I define a religious belief as any idea that one holds to be objectively true AND broadly applicable to circumstances and/or individuals beyond the self. Belief, rather than fact or absolute knowledge, is a defining characteristic of religion. A religious belief in this broader sense may or may not have anything to do with theology. In fact per this definition, most religious beliefs have nothing at all to do with traditional concepts of divinity. I think that religious thinking and beliefs are important in our current state of evolution so it is not my intention to criticize religion, but rather to broaden its definition so that we are better able to discern when we may be under sway of an unrecognized form of religious ideology and mistaking it for objective truth.

This piece is from my 2013 digital series entitled “WAR”. To me, whether it’s traditional religious, scientific or political ideaology, it’s pretty much all religion. Robert Persig pointed this out relative to science in his infamous reference to the scientific establishment as “the church of reason”. Religion, in one form or another, is always at the core of social conflict. Nowhere is this more evident today than in the growing backlash against science due, in part, to its increasing alliance with the leftist political establishment. Science is supposed to be above politics and the US political system is supposed to function apart from religion according to the foundational constitutional doctrine of separation of church and state. Unfortunately, the boundaries that typically define science, politics and religion have all been breached and there now exists, perhaps for the first time since the founding of the nation, a wholly dysfunctional threesome between science, politics and religion.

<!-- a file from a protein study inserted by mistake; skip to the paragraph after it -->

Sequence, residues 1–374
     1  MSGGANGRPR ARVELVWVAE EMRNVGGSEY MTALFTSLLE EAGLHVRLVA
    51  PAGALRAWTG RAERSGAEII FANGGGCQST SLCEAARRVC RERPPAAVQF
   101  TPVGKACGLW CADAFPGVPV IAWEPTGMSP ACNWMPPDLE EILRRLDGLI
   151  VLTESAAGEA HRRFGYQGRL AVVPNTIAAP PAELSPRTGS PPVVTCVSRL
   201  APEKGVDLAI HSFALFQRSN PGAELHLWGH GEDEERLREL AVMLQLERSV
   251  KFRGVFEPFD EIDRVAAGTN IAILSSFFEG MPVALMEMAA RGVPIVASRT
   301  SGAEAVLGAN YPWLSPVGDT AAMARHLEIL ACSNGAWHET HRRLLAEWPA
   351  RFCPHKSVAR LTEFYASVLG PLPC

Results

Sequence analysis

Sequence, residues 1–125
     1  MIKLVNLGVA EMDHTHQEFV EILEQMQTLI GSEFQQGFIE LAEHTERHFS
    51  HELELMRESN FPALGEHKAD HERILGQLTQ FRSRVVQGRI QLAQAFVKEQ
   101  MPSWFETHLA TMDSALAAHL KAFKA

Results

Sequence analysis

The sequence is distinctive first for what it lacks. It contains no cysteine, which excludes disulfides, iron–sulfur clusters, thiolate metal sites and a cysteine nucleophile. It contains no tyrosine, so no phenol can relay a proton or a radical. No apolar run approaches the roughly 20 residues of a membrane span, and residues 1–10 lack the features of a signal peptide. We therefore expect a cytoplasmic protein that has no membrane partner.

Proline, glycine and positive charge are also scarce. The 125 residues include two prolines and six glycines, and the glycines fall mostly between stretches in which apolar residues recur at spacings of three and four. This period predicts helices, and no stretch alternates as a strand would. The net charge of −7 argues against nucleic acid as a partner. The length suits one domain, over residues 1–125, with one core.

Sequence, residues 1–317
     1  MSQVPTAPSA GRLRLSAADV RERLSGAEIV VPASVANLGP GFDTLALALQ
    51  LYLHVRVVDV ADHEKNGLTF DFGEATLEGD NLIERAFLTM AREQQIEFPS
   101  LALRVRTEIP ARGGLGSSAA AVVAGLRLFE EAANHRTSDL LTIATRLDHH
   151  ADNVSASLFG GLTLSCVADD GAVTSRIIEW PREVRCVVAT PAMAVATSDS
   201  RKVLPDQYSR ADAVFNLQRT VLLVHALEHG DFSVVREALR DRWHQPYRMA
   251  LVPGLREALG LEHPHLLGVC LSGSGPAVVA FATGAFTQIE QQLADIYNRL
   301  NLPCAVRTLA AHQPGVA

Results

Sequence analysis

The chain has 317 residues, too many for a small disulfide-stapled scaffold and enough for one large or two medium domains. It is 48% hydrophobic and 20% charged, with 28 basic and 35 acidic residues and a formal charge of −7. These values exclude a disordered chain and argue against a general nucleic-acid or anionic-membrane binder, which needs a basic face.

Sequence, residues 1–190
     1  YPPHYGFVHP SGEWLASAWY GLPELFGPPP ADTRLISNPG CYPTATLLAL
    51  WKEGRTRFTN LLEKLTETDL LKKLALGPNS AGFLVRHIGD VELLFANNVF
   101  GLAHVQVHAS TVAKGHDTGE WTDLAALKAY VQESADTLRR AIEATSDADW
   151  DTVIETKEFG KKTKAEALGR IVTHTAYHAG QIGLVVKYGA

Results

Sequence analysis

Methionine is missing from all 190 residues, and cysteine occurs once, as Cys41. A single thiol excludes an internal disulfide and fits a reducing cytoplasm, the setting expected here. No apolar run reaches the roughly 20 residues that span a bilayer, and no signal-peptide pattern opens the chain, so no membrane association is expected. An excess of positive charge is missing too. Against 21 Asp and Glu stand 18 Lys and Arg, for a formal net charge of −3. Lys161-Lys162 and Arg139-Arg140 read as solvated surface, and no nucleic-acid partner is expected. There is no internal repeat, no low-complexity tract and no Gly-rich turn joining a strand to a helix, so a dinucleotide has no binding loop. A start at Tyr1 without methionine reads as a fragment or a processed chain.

I plan to discuss this more in the future and to explain why I believe that religious thinking is still the dominant cognitive mode of the modern world despite five hundred years of efforts to transcend it. It still serves us in a weird sort of way. I believe it has to do with over reliance upon human sensory apparatus that is designed to process information relative to immediate survival, not to apprehend long term, big pictures of reality. This forces us to limp along with insufficient information leading to short sighted perceptions, faulty conclusions and bad decisions about the future.

The question is, how do we, can we, or should we even get everybody back into the respective boxes where they belong?